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Germany (German: Deutschland), officially the Federal Republic of Germany (German: Bundesrepublik Deutschland), is a country in Central Europe. It is bordered on the north by the North Sea, Denmark, and the Baltic Sea, on the east by Poland and the Czech Republic, on the south by Austria and Switzerland, and on the west by France, Luxembourg, Belgium and the Netherlands.


Germany is a democratic parliamentary federal republic of 16 states (Bundesländer). The country previously consisted of several sovereign states with their own history, culture, and religious affiliation. Germany was first unified as a nation-state amidst the Franco-Prussian War in 1871. The Federal Republic of Germany is a member state of the United Nations, NATO, the G8 and the G4 nations, and is a founding member of the European Union. It has the largest population and largest economy of all European Union member states. As a modern great power, Germany is both the world's third largest economy (after the United States and Japan) and its largest exporter of goods.


Germany is the largest economy in Europe and the third largest economy in the world, behind the United States and Japan. It is ranked fifth in the world in terms of purchasing power parity. The export of goods is an essential part of the German economy and one of the main factors of its wealth. According to the World Trade Organization, Germany is the world's top exporter with $912 billion exported in 2005 (Germany's exports to other Eurozone countries are included in this total). It is second in imports only to the United States and has a large trade surplus (160.6 billion euros in 2005). In the trade of services (tourism, financial services, engineering, etc) it ranks second behind the United States. Most of the country's exports are in engineering, especially in automobiles, machinery, and chemical goods. In terms of total capacity to generate electricity from wind power, Germany is first in the world and it is also the main exporter of wind turbines.

Although problems created by the German Reunification of 1990 have begun to diminish, the standard of living remains higher in the western half of the country. Germans continue to be concerned about a relatively high level of unemployment, especially in the former East German states where unemployment tops 18%. In spite of its extremely good performance in international trade, domestic demand has stalled for many years because of stagnating wages and consumer insecurity. Germany's government runs a restrictive fiscal policy and has cut numerous regular jobs in the public sector. But while regular employment in the public sector shrank, "irregular" government employment such as "one euro" jobs (temporary low-wage positions), government supported self-employment, and job training increased.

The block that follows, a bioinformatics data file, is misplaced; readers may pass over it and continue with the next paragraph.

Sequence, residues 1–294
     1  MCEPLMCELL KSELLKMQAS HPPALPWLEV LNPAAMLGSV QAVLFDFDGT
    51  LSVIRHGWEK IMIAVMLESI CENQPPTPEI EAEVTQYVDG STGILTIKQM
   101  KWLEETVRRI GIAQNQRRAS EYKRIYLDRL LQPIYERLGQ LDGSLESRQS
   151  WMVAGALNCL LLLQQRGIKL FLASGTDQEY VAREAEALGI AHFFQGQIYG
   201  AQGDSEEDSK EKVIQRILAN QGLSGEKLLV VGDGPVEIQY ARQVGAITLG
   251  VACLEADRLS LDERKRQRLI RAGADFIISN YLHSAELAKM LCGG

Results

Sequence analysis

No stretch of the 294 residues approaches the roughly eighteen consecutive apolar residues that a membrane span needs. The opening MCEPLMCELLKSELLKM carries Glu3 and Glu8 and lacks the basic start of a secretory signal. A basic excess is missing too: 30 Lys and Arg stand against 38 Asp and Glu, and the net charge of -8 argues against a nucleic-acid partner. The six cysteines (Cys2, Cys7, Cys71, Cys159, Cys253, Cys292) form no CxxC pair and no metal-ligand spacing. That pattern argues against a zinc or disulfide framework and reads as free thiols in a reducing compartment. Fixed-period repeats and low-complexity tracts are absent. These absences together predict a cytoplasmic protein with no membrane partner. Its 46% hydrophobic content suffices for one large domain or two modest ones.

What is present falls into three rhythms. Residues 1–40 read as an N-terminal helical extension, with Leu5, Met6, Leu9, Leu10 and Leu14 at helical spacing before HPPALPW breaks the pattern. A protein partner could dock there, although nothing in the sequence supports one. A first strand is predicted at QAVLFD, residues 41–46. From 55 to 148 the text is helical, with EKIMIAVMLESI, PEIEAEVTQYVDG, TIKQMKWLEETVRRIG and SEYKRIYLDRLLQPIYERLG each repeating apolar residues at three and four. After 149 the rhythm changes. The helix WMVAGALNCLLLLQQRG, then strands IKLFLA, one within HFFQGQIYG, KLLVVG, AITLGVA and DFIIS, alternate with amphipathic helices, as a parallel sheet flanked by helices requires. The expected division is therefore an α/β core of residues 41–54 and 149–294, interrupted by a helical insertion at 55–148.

Responsibility for educational oversight in Germany lies primarily with the states while the federal government only has a minor role. Optional kindergarten education is provided for all children between three and six years old, after which school attendance is compulsory for twelve years. Primary education usually lasts for four years and public schools are not stratified at this stage. In contrast, secondary education includes four types of schools based on a pupil's ability as determined by teacher recommendations: the Gymnasium includes the most gifted children and prepares students for university studies the Realschule has a broader range of emphasis for intermediary students the Hauptschule prepares pupils for vocational education, and the Gesamtschule or comprehensive school combines the three approaches. In order to enter a university, high school students are required to take the Abitur examination, however students possessing a diploma from a vocational school may also apply to enter. A special system of apprenticeship called Duale Ausbildung allows pupils in vocational training to learn in a company as well as in a state-run school. Although Germany has had a history of a strong educational system, recent PISA student assessments demonstrated a weakness in certain subjects. In the test of 31 countries in the year 2000, Germany ranked 21st in reading and 20th in both mathematics and the natural sciences, prompting calls for reform.

In the annual league of top-ranking universities compiled by Shanghai Jiaotong University in 2004, Germany came 4th overall, with 7 universities in the top 100. The highest ranking German university, at number 45, was the Technical University of Munich. Most German universities are state-owned and until recently did not charge for tuition a 2006 education reform measure calls for fees of around €500 per semester from each student.

Power markets

European Energy Exchange AG is Germany's energy exchange the leading There was an error working with the wiki: Code[1] in There was an error working with the wiki: Code[2]. The European Energy Exchange is located in There was an error working with the wiki: Code[3]. Preceding companies were LPX Leipzig Power Exchange, located in Leipzig and European Energy Exchange, located in There was an error working with the wiki: Code[4]. Both exchanges merged in the year There was an error working with the wiki: Code[5].

External articles and references

There was an error working with the wiki: Code[1], Wikipedia: The Free Encyclopedia. Wikimedia Foundation.